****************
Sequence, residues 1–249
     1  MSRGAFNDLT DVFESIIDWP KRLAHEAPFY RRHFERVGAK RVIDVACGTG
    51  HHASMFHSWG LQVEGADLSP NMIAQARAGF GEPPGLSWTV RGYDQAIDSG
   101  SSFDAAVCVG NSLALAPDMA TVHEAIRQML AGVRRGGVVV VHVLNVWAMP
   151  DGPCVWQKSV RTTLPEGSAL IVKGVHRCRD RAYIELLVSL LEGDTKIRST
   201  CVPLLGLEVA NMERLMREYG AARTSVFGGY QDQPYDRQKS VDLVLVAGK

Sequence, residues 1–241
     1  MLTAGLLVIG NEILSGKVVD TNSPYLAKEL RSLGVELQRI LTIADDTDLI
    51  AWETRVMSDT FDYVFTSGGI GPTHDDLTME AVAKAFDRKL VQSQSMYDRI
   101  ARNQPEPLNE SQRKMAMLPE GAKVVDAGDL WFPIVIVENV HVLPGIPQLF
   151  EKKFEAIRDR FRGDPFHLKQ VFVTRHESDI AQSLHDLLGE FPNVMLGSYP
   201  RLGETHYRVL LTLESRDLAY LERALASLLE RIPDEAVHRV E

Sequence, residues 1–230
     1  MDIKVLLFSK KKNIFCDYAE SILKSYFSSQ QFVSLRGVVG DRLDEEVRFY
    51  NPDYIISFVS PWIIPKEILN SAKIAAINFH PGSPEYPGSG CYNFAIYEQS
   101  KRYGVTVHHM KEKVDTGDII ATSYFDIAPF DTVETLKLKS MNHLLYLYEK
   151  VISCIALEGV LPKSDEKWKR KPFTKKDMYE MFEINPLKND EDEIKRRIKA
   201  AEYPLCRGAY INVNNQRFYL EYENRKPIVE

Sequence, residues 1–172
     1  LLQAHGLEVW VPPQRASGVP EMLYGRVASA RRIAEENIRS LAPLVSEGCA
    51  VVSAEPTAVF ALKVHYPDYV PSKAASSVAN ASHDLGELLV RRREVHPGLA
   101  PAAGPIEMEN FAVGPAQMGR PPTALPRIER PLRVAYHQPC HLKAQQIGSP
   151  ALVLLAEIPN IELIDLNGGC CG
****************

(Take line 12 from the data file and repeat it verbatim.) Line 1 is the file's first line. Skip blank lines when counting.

   201  RLGETHYRVL LTLESRDLAY LERALASLLE RIPDEAVHRV E